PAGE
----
In the operating room, surgical preferences for implant materials have traditionally been dictated by several factors, including personal experiences, institutional preferences, and available resources. Given many conflicting reports on the appropriate materials to use in particular conditions and the relative degree of complications across modalities, the evidence base remains slim pending further well-powered cohort studies and randomized clinical trials. However, in addition to highlighting the evolution of materials and techniques involved in the progression of cranioplasty over thousands of years, this review aims to underscore that the choice of ideal material should be made on a case-by-case basis. Whereas the main considerations of material selection in adults are related to cosmesis and biocompatibility, in pediatric populations, continuing skull growth is a consideration to be made that will greatly impact operative success. Therefore, before deciding on a particular reconstructive option, surgeons should take great care to evaluate individual patients and associated factors that may dictate operative success (i.e., surgical site, clinical history) before proceeding. A multidisciplinary team of specialists allows for combined expertise to maximize the cosmetic and structural result for patients. A free flap may also be needed on occasion to fill a soft-tissue void, or for a staged approach to expand the scalp to provide skin coverage so the wound will heal with the new implant in place. If such a comprehensive approach is adopted, given the wide array of materials that exist in the modern operating room and the expansive literature particular to these materials across a number of indications, satisfactory outcomes for patient and physician alike can be achieved.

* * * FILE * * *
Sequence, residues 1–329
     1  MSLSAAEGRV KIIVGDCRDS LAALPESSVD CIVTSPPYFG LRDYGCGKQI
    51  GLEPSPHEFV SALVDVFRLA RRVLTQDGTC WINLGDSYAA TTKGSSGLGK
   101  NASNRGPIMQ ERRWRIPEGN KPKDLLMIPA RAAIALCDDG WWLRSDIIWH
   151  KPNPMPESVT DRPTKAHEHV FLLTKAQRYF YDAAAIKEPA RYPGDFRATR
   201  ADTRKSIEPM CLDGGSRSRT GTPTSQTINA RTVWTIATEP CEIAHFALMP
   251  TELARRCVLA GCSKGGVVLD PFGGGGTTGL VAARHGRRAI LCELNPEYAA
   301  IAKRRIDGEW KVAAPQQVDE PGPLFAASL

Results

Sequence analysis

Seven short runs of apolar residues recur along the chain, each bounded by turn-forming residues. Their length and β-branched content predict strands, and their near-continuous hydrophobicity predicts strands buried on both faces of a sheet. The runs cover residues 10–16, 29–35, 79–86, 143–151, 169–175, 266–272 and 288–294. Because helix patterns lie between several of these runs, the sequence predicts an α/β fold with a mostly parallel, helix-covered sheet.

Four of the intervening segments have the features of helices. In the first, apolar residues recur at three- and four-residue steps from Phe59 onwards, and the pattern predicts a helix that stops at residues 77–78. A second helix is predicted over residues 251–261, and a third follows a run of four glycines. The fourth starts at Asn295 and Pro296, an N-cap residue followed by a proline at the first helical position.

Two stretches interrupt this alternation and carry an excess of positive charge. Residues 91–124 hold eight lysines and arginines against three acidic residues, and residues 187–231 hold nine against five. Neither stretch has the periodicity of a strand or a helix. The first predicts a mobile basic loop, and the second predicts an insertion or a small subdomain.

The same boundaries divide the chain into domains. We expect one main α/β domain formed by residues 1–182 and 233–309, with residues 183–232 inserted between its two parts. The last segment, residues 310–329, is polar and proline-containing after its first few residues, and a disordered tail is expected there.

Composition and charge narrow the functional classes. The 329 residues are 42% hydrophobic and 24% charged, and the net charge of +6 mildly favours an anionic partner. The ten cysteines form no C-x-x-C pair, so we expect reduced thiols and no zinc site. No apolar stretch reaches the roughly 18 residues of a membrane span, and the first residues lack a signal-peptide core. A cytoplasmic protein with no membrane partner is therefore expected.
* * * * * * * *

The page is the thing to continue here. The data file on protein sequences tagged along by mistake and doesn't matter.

Acknowledgment

We thank Ms. Cindy H. Samos for editorial assistance with the manuscript.

Author Contributions

Conception and design: Choudhri. Acquisition of data: Feroze, Walmsley. Drafting the article: Feroze, Walmsley. Critically revising the article: all authors. Reviewed submitted version of manuscript: Edwards, Choudhri, Lorenz.

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Article Information

Contributor Notes

Correspondence Michael S. B. Edwards, Department of Neurosurgery, Stanford University School of Medicine, 300 Pasteur Dr., R211, Stanford, CA 94305. email: edwards9@stanford.edu.

Mr. Feroze and Mr. Walmsley contributed equally to this work.